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Christian Democrats and the family

November 16th, 2012

Left-wing commentators accuse the Christian Democrats of discriminating against domestic partnerships by denying them the same legal status marriages have. A conservative columnist on the other hand contends that traditional families are the cornerstones of healthy nations.

Christian Democrats propose that the new Civil Code now being debated in Parliament should not abolish the legal distinction between a registered domestic partnership and marriage. According to their proposal, common-law marriages should remain private contractual relationships to which family law does not apply. The Socialist Party has accused the Christian Democrats of intending to stigmatize non-married couples who give birth to 42 per cent of children. The Christian Democrats replied that they recognize all communities of parents and their children as families, but believe that those who do not intend to formalize their unions, do not want to take upon themselves the obligations which stem from marriage. If they actually do, nothing prevents them from concluding contracts which define each other’s rights and obligations.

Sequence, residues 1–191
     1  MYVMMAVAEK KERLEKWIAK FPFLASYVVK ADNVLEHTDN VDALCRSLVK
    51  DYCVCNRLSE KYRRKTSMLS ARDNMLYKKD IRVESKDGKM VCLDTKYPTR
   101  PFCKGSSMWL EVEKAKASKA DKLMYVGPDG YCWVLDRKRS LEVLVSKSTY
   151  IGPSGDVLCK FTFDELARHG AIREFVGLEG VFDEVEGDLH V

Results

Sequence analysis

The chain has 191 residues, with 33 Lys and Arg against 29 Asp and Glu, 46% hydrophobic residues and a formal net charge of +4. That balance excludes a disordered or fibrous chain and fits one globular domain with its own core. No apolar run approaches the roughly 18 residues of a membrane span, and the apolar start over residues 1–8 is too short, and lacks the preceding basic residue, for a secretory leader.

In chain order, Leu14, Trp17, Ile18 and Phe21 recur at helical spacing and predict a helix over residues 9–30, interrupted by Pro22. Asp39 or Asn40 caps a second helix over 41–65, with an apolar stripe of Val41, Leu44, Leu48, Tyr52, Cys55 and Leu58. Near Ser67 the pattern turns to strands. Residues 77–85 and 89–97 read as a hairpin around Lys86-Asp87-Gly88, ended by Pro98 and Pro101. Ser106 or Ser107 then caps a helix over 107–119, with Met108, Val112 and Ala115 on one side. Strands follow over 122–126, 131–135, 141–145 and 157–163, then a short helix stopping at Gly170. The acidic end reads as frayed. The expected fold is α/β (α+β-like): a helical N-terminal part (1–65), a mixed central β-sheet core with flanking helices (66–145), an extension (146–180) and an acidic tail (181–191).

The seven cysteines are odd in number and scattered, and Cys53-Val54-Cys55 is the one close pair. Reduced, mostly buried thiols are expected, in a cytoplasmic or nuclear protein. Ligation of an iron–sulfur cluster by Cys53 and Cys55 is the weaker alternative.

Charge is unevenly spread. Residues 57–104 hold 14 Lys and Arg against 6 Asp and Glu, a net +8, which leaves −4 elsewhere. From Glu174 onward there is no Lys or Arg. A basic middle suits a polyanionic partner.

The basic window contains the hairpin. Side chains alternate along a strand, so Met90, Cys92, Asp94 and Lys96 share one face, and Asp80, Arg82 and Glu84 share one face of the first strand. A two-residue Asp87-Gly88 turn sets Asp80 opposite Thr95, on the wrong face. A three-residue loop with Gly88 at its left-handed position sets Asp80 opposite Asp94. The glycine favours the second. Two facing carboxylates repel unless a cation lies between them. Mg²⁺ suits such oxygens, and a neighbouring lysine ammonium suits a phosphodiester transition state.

Christian Democrats launched an ideological attack on those who choose to live together in  domestic partnerships rather than a formal marriages, Judit Muhari writes in Népszava. The left-wing columnist suggests that it is not reasonable to legally distinguish registered domestic partnership from marriage, since both institutions can serve as the foundations of firm relationships well-suited for raising children.

In Népszabadság, Ákos Kállai writes that instead of maintaining the status quo, the Christian Democrat proposal, if enacted, Domestic partnership has indeed not been part of the current family law, but the existing regulations stipulate that domestic partners (including same sex couples) have the same inheritance rights as married couples, which the Christian Democrat”s proposal would abolish, Kállai contends.

The family serves as the foundation of the nation, Ferenc Sinkovics writes in Magyar Hírlap. The pro-government commentator believes that by supporting the institution of the traditional family, Christian Democrats are defending the nation against global cultural influences aiming at atomizing societies and making the nation state obsolete. Sinkovics adds that those who fight for the equal legal recognition of domestic partnership also endorse same sex partnership and would open up the possibility for homosexual couples to adopt children. “Two males could for example adopt a fourteen year old boy. Can you imagine what this would mean in moral, biological and physical terms mean for a nation?” Sinkovics asks.

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